The life skills of getting up on time, keeping your room tidy, managing laundry, going out unaccompanied, and balancing schoolwork and social life may not be the first items on your list when considering what boarding school fees ‘deliver’! However, these abilities will help make the first weeks of university much more straightforward, and also make your child a much more appealing roommate in shared residences. The boarding school experience anticipates the various new freedoms that your child will encounter at university, and equips them to handle these with foresight, judgement, and leadership. While other freshers tussle with the unfamiliar responsibilities of self-care and getting along with new roommates, your child will be free to concentrate on their academics and exploring every aspect of university life.
The power of international friendship
The impact of international boarding school friendships cannot be underestimated in the part they play to equip your child for university life. By both working and living with their peers in the boarding school system, students develop valuable interpersonal skills, exposed as they are to their peers both ‘on’ and ‘off duty’. In addition, boarding attracts students from all walks of life and corners of the globe, exposing your child to a rich cultural diversity. These varied perspectives on belief system, social norms, current events, lifestyles, and even pop culture references enhance the academic classroom and broaden personal perspectives. The result is maturity and emotional intelligence beyond their years – serving your child well not just through the culturally diverse university period, but onward to the workplace, and into adult relationships too.
The security of peer motivation
Peers have a further, and crucial, role to play not only in preparing your child for university life, but in ensuring their time at boarding school is happy and successful. At boarding school, your child’s friends will invariably be motivated to do well and hope to attend university – ambitions so often missing from state or public-school provision. Instead, your child will enjoy the companionship of conscientious peers who are at the same stage in their learning, and who relish studying and problem-solving together as an encouraging group. Homework is so much more fun and productive when tackled with friends, rather than studying alone at home! At boarding school, your child can relax into their studies, safe in the knowledge that boarding is a compassionate environment that supports and celebrates every child’s discovery of their true academic potential.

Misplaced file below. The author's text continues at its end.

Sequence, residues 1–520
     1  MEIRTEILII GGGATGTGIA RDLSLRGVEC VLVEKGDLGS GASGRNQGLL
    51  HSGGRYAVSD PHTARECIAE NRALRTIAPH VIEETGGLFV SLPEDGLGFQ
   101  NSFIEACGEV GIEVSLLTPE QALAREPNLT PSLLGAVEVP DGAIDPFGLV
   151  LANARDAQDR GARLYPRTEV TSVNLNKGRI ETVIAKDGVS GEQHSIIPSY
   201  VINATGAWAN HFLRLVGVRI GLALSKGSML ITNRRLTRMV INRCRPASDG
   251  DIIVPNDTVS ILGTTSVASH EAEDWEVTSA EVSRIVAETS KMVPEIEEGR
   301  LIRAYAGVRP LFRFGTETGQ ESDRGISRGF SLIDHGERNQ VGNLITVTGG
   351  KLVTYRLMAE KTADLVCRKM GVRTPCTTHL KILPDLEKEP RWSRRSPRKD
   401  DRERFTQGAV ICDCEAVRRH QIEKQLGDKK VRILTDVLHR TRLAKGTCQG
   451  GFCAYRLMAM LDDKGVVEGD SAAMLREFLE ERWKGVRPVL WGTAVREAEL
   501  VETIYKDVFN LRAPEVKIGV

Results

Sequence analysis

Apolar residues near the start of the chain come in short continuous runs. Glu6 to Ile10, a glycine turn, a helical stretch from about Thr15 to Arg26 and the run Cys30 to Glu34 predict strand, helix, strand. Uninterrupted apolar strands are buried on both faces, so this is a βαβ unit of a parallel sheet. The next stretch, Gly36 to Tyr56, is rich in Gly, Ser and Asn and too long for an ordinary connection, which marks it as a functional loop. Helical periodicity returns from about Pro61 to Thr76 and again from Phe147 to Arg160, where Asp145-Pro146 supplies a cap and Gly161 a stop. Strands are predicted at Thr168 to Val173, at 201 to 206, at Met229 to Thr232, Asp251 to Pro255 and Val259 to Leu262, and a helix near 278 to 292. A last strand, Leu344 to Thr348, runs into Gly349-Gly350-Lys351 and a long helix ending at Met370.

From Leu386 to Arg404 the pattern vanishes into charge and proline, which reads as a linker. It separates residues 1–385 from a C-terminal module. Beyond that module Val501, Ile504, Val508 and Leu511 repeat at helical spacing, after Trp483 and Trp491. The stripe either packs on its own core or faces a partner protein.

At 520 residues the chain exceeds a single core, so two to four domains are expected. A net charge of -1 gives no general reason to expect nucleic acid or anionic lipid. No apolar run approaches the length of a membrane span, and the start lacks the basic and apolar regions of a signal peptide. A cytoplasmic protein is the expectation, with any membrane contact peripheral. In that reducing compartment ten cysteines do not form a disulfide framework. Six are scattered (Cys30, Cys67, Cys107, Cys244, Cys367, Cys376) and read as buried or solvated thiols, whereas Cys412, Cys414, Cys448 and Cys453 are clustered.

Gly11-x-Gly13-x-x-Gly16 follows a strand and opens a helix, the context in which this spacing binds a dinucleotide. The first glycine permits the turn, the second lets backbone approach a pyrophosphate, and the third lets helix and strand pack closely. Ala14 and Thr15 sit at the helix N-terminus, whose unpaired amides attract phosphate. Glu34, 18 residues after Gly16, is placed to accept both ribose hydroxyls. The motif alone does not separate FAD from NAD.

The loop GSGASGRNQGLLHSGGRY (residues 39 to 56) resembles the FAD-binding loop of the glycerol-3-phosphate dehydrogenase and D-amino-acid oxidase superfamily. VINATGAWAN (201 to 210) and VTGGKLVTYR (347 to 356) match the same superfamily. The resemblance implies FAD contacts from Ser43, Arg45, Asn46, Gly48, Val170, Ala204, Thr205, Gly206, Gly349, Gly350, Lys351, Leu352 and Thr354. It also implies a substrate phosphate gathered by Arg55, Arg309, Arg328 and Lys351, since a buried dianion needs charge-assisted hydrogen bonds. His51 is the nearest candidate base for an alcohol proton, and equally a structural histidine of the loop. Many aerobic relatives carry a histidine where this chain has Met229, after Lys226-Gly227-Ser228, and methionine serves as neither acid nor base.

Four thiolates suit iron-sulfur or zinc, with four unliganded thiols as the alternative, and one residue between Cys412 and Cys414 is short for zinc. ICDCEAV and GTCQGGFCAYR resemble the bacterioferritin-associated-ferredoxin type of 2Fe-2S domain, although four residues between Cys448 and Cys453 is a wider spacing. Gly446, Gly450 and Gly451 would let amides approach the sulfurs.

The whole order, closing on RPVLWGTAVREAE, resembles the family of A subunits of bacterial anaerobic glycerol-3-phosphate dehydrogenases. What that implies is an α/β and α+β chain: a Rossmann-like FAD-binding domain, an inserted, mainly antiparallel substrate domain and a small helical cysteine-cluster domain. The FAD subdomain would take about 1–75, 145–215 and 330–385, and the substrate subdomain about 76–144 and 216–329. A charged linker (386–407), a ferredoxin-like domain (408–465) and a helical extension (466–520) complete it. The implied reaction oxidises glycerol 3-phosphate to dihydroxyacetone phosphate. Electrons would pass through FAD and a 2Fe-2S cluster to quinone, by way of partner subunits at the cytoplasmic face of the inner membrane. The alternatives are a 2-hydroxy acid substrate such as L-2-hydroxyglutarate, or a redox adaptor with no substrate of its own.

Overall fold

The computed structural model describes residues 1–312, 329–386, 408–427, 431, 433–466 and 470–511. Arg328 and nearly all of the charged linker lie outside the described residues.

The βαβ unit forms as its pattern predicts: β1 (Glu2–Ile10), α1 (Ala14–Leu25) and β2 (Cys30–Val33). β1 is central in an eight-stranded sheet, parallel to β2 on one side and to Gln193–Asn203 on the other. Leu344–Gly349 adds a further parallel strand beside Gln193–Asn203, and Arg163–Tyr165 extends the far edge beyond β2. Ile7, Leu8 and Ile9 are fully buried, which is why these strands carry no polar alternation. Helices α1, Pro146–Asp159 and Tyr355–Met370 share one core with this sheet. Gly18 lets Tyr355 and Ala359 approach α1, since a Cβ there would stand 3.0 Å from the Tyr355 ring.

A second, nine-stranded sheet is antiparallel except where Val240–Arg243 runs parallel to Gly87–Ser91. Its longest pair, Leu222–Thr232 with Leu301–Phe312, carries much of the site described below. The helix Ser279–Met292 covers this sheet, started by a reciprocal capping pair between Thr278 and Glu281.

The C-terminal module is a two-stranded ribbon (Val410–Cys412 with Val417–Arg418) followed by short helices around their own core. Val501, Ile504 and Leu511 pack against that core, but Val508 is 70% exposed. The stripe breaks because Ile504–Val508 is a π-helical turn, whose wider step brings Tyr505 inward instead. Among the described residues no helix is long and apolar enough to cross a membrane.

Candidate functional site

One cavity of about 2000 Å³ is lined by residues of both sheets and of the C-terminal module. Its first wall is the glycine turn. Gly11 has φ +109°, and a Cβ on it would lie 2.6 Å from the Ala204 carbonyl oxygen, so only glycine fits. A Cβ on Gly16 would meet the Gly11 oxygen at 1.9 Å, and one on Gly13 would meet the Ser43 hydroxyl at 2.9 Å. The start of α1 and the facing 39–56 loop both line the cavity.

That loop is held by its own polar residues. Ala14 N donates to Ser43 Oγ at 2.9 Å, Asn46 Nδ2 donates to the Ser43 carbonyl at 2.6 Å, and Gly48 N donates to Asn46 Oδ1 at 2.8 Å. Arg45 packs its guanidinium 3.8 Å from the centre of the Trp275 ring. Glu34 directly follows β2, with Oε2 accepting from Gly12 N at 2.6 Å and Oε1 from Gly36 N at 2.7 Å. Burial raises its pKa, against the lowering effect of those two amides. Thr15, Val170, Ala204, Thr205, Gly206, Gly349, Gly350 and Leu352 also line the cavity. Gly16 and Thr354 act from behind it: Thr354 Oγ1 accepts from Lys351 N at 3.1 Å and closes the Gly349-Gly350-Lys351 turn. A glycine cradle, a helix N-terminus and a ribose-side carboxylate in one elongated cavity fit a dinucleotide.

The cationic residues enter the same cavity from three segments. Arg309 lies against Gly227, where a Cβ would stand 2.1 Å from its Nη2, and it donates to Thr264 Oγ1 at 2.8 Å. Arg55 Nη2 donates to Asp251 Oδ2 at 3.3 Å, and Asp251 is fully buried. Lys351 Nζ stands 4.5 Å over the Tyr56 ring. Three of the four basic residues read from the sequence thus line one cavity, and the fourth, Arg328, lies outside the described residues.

A dress rehearsal for life
The modern boarding experience, in fact, goes far beyond preparation for university. Boarding affords your child the supportive environment in which they can both recognise and reveal their own strengths and weaknesses. Students can safely make mistakes, and be supported by professionals to learn from them within the secure setting of the boarding school, developing key life skills such as adaptability and resilience. Your child will make personal connections and friendships with students from all over the world, providing them with a strong alumni network to draw upon for the future. In reality, boarding provides your child with the best possible dress rehearsal for a life well lived, giving them the confidence, self-esteem and vision they need to flourish in Higher Education and adulthood.